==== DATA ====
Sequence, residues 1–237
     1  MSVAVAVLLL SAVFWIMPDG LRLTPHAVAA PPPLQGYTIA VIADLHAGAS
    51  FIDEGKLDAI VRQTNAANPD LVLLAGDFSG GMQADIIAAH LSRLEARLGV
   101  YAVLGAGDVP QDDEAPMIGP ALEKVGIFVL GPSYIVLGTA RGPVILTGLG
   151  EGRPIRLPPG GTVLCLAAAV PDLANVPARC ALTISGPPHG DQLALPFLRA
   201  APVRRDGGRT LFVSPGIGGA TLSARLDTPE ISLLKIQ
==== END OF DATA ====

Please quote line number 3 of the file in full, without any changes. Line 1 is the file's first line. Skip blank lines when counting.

    51  FIDEGKLDAI VRQTNAANPD LVLLAGDFSG GMQADIIAAH LSRLEARLGV